I still consider this  result quite high! even though I'm 10 nmol/mol away from 42.  Pre-diabetes is usually regarded around 42-47 nmol/mol and diabetes is  above 48 nmol/mol. I guess I still have some blood sugar hanging around,  so my insulin to me isn't perfect, I can't really tell without having  previous test results. Maybe this range has been getting higher, or  maybe it's actually starting to fall. With my high sugar and carbs diet  though I sincerely doubt that being the case.

I've read  some reports this "higher" level of blood glucose could be linked to  tinnitus, as between 84 and 92% of tinnitus patients were shown to have a  metabolic disorder called hyperinsulinemia. Where there is an elevated  level of insulin in the bloodstream. It's a direct consequence of a  metabolic disorder known as insulin resistance.

Souce - Hyperinsulinemia and tinnitus: a historical cohort.


Lipid Profile

Ahh,  cholesterol something from my cursory searches that I've found to be  most contradictory in today's modern, fat makes you fat ethos. LDL or  Low-density lipoprotein is produced by the liver and forms a part of  your total cholesterol, it's generally referred to as 'bad cholesterol'  as it apparently is the stuff that clogs your arteries and causes  arterial plaque. LDL is actually our friend, and whilst my level  borderlines on the 'higher' end I consider this a good result. Lower  levels of LDL might well be associated with comprised brain tissue, and  it's generally coming to light it plays an important role in brain  health and function! So I'll happily keep my borderline 'high' levels.

Source - https://www.drperlmutter.com/study/plasma-lipids-cerebral-small-vessel-disease/

Triglycerides  are a form of fat found in certain foods, like meat and dairy. Higher  levels of the hormone insulin can increase the absorption of fat uptake  by cells, from the liver. This is why higher levels of triglycerides are  associated with heart disease and stroke. However it's not fatty foods  that stimulate the liver's production of triglycerides, it's sugars and  starches. Having a high sugar and starch diet would cause the  triglycerides level to rise, added to the high insulin levels this could  be very bad for one's health. Although in reading this, I'm surprised  my levels aren't much higher, although I wonder if that's the interplay  with insulin somehow, as I don't put on weight at all. I once, one  Christmas many moons ago ate a whopping 5000 calories, of Bacon, Sweets,  Bread, and pretty much anything I could get my hands on, a day! The  result... I lost weight! That was for the full month of December as  well, so there is certainly something wrong with how my body handles and  processes food.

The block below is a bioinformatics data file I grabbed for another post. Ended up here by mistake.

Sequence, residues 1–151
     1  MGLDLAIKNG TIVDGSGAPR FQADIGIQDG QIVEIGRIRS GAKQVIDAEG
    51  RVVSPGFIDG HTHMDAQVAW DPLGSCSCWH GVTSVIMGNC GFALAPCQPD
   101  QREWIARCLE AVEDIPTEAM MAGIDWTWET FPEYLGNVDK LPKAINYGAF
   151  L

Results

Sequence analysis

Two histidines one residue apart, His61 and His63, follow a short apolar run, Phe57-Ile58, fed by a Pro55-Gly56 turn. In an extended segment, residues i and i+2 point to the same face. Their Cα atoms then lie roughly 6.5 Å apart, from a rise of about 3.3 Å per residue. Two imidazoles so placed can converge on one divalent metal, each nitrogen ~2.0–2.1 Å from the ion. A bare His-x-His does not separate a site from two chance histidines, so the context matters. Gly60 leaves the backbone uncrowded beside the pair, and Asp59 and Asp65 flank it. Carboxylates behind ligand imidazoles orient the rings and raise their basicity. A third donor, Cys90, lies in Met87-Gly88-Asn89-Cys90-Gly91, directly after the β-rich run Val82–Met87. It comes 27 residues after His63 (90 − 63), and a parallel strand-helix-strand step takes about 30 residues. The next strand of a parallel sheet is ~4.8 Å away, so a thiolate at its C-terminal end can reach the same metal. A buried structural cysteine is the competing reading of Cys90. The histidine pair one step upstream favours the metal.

Source - Triglycerides as vascular risk factors: new epidemiologic insights.

HDL  Cholesterol or High-density lipoprotein is produced again by the liver  making up the total cholesterol in your body with LDL and Triglycerides.  It's often referred to as 'good cholesterol' as it helps protect the  arteries from diseases. From my searches, a lower HDL level is  associated with high risk of developing heart disease, so my results in  this regard are very poor! Still in the 'good' range but I'm finding  some mixed information currently about the generally accepted levels of  what is actually good for us. It contradicts a lot of the 'good  cholesterol' remarks I generally hear, so I will be doing a lot more  studying on this beast called Cholesterol.

I consider  my current ranges as nothing to worry about, I am certainly interested  to see the effects this diet has on them though and how my levels alter  within a month. Cholesterol for now though, for me... is something I  need to return to the drawing board and research with.


Liver Function

Gamma  GT is an enzyme found mainly in the liver, but also all over the body  in other tissues. It's presence in the blood increases when there is  liver damage, and raised levels have been shown to indicate a higher  risk of ill-health. Its main function is to break down toxins in the  body. With your liver been the main detoxing unit of your body, leaking  this stuff into the bloodstream isn't very good for your health.